Former Deutsche Bank trader and managing director Andreas Hauschild has been acquitted of conspiracy to defraud at London’s Southwark Crown Court over the rigging of the Euro Interbank Offered Rate (Euribor) after being found not guilty of manipulating the benchmark rate during global financial crisis.
The case was brought by the UK”s Serious Fraud Office (SFO) against 11 traders overall, however it has had mixed fortunes in its attempts to bring interest rate traders and benchmark submitters to justice over the past two years. While four former traders have been convicted and sentenced, Hauschild is the third trader to be acquitted. Elsewhere four others, former Deutsche Bank traders Joerg Vogt, Ardalan Gharagozlou, Kai-Uwe Kappauf and Societe Generale employee Stephane Esper have refused to appear for trial and the SFO has had extradition requests refused by Germany and France.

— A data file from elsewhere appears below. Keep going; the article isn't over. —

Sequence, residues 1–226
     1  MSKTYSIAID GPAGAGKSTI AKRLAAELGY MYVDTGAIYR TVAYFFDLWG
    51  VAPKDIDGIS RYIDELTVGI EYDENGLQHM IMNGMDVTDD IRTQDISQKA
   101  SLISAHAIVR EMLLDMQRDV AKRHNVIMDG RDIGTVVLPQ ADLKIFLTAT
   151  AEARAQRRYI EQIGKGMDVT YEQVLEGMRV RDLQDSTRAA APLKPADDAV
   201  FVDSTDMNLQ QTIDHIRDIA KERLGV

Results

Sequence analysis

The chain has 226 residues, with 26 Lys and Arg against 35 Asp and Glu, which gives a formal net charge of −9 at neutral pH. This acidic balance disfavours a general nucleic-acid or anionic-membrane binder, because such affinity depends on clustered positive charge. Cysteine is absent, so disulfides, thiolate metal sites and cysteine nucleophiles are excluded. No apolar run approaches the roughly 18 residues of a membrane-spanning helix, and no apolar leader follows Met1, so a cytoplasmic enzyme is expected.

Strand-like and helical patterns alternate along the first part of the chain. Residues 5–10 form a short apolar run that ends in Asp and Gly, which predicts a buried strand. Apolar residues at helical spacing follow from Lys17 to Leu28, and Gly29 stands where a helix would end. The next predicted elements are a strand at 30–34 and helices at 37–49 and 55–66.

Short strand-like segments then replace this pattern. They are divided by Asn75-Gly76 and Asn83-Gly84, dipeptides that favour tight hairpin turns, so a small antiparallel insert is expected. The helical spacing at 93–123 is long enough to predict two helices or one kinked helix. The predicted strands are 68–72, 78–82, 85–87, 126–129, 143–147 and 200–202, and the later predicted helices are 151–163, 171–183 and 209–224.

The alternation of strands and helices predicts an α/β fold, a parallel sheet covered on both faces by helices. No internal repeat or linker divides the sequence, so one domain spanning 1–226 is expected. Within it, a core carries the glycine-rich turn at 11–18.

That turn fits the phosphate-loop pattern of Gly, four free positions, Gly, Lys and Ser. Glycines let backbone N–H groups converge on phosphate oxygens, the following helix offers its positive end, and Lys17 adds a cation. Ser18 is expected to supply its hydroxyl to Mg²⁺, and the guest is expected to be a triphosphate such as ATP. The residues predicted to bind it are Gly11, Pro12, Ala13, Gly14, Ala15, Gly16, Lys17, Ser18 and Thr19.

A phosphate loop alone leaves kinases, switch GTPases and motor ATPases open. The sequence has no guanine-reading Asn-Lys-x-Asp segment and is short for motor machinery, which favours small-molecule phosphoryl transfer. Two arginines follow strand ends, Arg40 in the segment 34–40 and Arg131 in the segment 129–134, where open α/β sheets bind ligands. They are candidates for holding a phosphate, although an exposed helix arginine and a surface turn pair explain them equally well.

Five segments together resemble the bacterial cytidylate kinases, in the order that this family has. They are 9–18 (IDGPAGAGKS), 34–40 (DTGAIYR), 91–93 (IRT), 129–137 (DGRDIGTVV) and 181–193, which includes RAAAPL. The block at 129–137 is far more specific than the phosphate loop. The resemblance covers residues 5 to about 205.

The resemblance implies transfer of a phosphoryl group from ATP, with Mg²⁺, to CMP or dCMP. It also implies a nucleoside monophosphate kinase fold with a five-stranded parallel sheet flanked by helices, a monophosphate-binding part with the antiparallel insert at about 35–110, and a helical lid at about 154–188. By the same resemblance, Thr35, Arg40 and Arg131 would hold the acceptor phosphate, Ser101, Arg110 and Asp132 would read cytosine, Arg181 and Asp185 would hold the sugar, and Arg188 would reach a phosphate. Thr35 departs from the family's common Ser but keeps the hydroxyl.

Former principal trader at Deutsche Bank, Christian Bittar; former Barclays director Phillipe Moryoussef; former director of portfolio liquidity management at Barclays, Colin Bermingham; and Carlo Palombo, former vice president of euro rates and swaps at Barclays, have been found guilty of conspiring to submit false or misleading Euribor estimates that would benefit their trading positions and change the eventual average rate, while former Deutsche Bank trader Achim Kraemer and former Barclays trader Sisse Bohart were both acquitted.